I have not done a huge amount to blogging in recent months in part because I have been trying to finish my latest book on Infrastructure management.  The cover:

Infrastructure Final Cover

I got a nice write-up- in the Journal of American Water Works Association (thanks Ken Mercer).  Here is the link if you are an AWWA member:


The book has taken about 18 months to do, and thanks to the students in 3 classes where I taught the subject.  It does take at least three times teaching a class to figure it out.  The book was written for both professionals in the field and for educators.  The book is standalone, but there is separate material for powerpoints, tests and homework if someone wants to teach the class.  FAU proposed a graduate education grant to NSF that would cover the topics.  So maybe we get some traction?

Thanks to all who contributed.


The Florida Division of Emergency Management (DEM)’s Bureau of Mitigation-prioritizes flood risk management as a means to protect people and property during flood events.  To accomplish this goal, DEM is laying the foundation for its Watershed Planning Initiative by working on a pilot project with Florida Atlantic University (FAU) College of Engineering and Computer Science.  The multi-disciplinary FAU team is led by Dr. Frederick Bloetscher, Professor and Associate Dean, of the Department of Civil, Environmental and Geomatics Engineering.

DEM has received funding from FEMA to encourage communities to become a part of their community rating system program.  To help encourage participation, DEM has contracted with the Florida Atlantic University College of Engineering and Computer Science through the Hazard Mitigation Grant Program (HMGP) DR-4337-004-P, to create a template for completion of Watershed Master Plans (WMP) throughout the state of Florida over the next year

To start the process, FAU will conduct research to determine where the gaps in watershed data across the state. FAU’s Center for Environmental Studies will collect plans that currently exist and creating a catalog of these plans. They are also creating a best-practices document when it comes to developing watershed management plans.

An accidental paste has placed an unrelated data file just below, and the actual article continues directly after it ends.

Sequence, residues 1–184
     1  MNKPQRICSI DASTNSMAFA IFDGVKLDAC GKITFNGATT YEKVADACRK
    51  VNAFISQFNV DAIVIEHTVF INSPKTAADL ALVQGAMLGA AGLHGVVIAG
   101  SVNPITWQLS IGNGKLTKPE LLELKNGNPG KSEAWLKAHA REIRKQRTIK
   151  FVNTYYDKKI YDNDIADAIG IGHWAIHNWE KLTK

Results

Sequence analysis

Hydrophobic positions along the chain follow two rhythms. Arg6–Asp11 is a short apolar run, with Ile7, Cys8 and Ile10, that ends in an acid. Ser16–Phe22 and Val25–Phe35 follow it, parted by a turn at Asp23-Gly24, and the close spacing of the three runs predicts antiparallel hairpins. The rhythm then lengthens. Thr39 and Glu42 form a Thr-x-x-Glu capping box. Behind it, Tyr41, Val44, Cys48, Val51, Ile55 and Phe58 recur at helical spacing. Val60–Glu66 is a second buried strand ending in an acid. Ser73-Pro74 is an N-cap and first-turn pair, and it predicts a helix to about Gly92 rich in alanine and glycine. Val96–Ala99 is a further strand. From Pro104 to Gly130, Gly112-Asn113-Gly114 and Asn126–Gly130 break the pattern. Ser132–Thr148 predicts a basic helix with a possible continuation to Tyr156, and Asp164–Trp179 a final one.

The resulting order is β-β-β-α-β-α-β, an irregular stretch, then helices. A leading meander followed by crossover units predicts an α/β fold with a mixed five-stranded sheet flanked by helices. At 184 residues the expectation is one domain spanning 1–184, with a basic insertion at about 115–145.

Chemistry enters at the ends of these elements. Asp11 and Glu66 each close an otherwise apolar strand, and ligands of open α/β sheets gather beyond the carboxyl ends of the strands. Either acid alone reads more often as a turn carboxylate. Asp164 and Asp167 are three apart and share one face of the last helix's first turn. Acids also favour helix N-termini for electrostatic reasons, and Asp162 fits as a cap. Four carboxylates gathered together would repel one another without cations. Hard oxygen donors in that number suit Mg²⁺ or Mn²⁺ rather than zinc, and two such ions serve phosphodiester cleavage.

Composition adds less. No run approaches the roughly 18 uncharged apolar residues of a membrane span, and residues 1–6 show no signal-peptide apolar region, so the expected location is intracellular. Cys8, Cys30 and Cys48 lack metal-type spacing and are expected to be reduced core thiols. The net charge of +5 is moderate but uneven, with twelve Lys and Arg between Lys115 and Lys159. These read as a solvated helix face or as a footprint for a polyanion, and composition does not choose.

FAU is also creating a screening tool to identify the areas across the state that are the most susceptible to flooding. This part of the project includes researchers in the Departments of Civil, Environmental and Geomatics Engineering, Urban and Regional Panning and Geosciences.

The next step will be to use the data generated from the screening tool and the gathering of current plans and policies and create a guidance document for others to implement the tool and will create data for others to use in developing their plans. The ultimate goal for the initiative is to develop watershed master plans for the entire state. In doing so, the state hopes these plans will be integrated into floodplain management and Local Mitigation Strategies throughout Florida along with helping those communities that participate in the National Flood Insurance Program.

The initiative is funded partially by the federal government through FEMA’s Hazard Mitigation Grant Program and partially from the State of Florida.  The pilot project is scheduled to conclude in September 2020 and will ultimately produce two prototype watershed master plans for the state of Florida. The entire initiative is projected to take three years and the next step will be to take the pilot program’s results and apply them statewide.

Many of those who have read my blog know that the WWII B17 bomber are special to me.  My Dad flew 25 mission in WWII on one.  He really trusted the plane.  I was contacted a couple years ago by the son of his pilot for most of those mission.  Same story.  The Collings Foundation has been flying one since 1986.  I got to take a ride about 10 of years ago, and have tried to go see the planes every years when they hit Boca Raton’s airport or the Fort Lauderdale Executive Airport.  Two years ago I was there as they were getting ready to depart.  I got to help them oil up the engines (spinning propellers) before they started the engines.  Very cool.  And I have lots off photos of their plane the 909.

The sad news – it crashed in Connecticut on Oct 2.  I posted a number of stories about it as they were coming in.  Very sad – seven people died, including the pilot and co-pilot and five passengers. onboard.  One crewman and the other 5 passengers were burned when the plane exploded.  Very sad for all involved.  Very sad for all those who have enjoyed the 909 over the years.  Only 9 still fly.  I am fortunate to have been on board the plane over 15 times and took that ride.  I will miss seeing this great piece of history.

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